As a kid, I was fortunate enough to have role models in Senseis Judy and Reese Rigby. At their dojo, I learned the importance of practicing the “basics” - beginner katas, simple controlled motions, proper stance, breathing, calisthenics.

The basics were prioritized significantly over what otherwise might seem more exciting activities to peers or spectators - things like sparring, bag work, or flying roundhouse kicks. There was a time for competition and advanced technique, but daily practice was grounded in attending to the basics, and stopping when it was time to rest.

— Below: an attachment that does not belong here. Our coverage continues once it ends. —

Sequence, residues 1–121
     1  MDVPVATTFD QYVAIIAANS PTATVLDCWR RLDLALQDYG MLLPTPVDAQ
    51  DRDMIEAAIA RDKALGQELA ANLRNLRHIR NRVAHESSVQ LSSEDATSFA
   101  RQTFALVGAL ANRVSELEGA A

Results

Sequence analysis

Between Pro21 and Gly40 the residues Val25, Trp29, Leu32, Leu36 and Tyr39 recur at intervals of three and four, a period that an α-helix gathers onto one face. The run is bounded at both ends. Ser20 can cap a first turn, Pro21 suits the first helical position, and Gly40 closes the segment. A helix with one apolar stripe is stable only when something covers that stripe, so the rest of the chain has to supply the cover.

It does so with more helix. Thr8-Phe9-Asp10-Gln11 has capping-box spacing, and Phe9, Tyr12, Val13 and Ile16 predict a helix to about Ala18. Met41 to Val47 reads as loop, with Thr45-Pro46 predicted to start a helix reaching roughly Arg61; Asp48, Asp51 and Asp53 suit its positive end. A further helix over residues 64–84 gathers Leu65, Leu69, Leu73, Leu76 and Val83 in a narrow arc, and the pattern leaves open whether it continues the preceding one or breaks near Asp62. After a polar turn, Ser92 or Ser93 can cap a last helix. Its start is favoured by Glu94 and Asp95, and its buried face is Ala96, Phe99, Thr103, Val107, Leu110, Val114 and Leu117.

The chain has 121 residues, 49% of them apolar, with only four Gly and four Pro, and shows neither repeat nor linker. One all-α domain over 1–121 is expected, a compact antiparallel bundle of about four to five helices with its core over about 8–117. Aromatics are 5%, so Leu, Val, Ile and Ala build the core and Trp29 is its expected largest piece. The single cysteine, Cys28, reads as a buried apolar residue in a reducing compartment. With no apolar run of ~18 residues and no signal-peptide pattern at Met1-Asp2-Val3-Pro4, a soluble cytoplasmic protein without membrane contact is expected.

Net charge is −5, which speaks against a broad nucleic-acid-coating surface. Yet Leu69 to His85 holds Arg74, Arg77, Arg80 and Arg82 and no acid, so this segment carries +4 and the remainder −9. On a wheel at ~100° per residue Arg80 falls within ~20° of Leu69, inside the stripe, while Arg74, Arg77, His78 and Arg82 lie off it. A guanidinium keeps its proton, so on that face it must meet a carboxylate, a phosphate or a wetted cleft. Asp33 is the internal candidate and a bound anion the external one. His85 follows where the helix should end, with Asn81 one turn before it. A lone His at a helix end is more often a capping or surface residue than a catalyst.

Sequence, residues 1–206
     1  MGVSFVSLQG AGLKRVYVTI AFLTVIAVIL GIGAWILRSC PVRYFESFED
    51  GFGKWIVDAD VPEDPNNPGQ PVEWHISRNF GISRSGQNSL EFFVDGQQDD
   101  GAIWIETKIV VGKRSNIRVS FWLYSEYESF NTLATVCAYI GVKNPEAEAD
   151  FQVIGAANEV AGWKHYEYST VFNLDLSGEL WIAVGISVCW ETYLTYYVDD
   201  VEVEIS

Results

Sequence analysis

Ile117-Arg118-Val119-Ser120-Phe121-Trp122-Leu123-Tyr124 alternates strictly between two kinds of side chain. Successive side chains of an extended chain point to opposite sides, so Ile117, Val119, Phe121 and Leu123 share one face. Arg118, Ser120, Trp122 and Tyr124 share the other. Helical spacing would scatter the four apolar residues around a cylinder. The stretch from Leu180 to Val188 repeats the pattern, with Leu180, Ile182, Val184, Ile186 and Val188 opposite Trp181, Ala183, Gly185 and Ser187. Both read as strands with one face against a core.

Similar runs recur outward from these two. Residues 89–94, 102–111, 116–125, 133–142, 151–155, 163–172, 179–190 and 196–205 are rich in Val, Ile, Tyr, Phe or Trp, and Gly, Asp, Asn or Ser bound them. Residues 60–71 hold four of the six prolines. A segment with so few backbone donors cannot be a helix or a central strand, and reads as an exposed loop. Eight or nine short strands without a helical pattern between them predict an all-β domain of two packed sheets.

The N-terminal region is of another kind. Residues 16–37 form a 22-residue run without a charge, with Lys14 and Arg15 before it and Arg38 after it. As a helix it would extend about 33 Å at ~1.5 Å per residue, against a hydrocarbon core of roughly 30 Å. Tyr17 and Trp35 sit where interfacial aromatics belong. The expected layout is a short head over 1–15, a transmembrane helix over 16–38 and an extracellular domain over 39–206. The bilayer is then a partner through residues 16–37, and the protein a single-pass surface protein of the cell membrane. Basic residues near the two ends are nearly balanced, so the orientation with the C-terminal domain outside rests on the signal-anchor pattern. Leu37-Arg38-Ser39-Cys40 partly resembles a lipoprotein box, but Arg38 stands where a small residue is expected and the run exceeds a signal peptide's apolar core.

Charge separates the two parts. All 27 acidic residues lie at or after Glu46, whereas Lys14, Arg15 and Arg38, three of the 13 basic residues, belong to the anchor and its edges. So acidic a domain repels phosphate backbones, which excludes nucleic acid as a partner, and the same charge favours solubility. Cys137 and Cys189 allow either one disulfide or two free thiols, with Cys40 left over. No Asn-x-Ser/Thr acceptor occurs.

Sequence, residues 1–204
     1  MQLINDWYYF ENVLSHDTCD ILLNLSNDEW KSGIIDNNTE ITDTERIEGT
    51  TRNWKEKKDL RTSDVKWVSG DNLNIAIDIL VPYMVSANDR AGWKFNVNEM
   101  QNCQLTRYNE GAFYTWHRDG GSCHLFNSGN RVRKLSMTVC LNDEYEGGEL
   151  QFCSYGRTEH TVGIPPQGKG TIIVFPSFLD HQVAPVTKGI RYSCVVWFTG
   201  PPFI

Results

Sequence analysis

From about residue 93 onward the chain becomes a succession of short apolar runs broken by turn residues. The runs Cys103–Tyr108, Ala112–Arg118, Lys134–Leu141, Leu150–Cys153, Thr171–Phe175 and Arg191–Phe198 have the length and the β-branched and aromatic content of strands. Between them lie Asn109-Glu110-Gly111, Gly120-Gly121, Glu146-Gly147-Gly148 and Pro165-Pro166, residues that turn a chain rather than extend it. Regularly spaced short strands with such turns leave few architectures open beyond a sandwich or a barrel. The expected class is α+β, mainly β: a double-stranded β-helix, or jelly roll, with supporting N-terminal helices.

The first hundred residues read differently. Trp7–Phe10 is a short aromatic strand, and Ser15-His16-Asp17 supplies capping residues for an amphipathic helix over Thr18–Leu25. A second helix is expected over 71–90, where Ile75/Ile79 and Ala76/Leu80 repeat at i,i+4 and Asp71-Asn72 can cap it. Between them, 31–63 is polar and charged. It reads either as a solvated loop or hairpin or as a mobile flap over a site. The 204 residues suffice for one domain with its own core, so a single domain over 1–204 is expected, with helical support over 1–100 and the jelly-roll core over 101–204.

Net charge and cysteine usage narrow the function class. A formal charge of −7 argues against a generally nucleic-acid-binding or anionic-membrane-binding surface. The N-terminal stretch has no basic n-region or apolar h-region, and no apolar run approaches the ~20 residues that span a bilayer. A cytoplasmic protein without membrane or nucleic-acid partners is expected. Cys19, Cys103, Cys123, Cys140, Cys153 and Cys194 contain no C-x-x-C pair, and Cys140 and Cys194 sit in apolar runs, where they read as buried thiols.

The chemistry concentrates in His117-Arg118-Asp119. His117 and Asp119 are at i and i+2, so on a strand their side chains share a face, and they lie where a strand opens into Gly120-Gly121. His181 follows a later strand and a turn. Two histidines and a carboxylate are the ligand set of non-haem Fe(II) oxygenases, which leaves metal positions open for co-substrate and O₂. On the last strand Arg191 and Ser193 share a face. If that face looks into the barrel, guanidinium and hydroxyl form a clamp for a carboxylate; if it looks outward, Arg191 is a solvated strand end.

There was no particular celebration for completing a beginner’s kata, nor immediate reward for maintaining a horse stance for minutes, feeling the connection between my bare feet and the ground. Instead, there was only “OK - practice that again, Wesley!” or “OK - it’s time to go home now.”

I reflect on this “attention to first principles” as one of the most valuable lessons for a career in engineering. I love working with teams that exemplify an attention and practice grounded in "the basics." These teams typically include people who regularly build small things from scratch for the purposes of learning; they read, re-read, and discuss canonical texts about their discipline, know their tools well, know how and when to test their work, gravitate towards simplicity even when the ego might be temporarily more satisfied by complexity, and listen mindfully.

Thank you, Senseis Judy and Reese Rigby, for the lesson in practicing the basics.